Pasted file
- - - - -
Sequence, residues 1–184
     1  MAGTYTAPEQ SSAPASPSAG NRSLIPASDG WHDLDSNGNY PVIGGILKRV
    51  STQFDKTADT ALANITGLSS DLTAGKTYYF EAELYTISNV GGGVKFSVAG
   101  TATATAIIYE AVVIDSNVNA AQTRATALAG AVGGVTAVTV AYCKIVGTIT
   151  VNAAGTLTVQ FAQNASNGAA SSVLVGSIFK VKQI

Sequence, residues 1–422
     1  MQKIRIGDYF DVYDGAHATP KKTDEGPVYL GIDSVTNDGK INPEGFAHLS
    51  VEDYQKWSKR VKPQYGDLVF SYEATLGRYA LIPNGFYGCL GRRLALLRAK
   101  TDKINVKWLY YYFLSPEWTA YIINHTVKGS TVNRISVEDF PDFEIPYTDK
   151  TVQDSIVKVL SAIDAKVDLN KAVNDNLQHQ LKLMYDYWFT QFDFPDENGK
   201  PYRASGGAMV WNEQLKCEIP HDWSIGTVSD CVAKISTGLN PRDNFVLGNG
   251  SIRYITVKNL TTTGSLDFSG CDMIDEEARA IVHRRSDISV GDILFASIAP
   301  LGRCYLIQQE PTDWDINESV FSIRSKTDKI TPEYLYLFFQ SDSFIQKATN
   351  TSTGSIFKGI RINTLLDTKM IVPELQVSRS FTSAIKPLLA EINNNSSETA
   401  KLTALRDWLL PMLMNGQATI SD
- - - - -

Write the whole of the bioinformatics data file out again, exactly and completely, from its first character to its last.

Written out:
Sequence, residues 1–184
     1  MAGTYTAPEQ SSAPASPSAG NRSLIPASDG WHDLDSNGNY PVIGGILKRV
    51  STQFDKTADT ALANITGLSS DLTAGKTYYF EAELYTISNV GGGVKFSVAG
   101  TATATAIIYE AVVIDSNVNA AQTRATALAG AVGGVTAVTV AYCKIVGTIT
   151  VNAAGTLTVQ FAQNASNGAA SSVLVGSIFK VKQI

Sequence, residues 1–422
     1  MQKIRIGDYF DVYDGAHATP KKTDEGPVYL GIDSVTNDGK INPEGFAHLS
    51  VEDYQKWSKR VKPQYGDLVF SYEATLGRYA LIPNGFYGCL GRRLALLRAK
   101  TDKINVKWLY YYFLSPEWTA YIINHTVKGS TVNRISVEDF PDFEIPYTDK
   151  TVQDSIVKVL SAIDAKVDLN KAVNDNLQHQ LKLMYDYWFT QFDFPDENGK
   201  PYRASGGAMV WNEQLKCEIP HDWSIGTVSD CVAKISTGLN PRDNFVLGNG
   251  SIRYITVKNL TTTGSLDFSG CDMIDEEARA IVHRRSDISV GDILFASIAP
   301  LGRCYLIQQE PTDWDINESV FSIRSKTDKI TPEYLYLFFQ SDSFIQKATN
   351  TSTGSIFKGI RINTLLDTKM IVPELQVSRS FTSAIKPLLA EINNNSSETA
   401  KLTALRDWLL PMLMNGQATI SD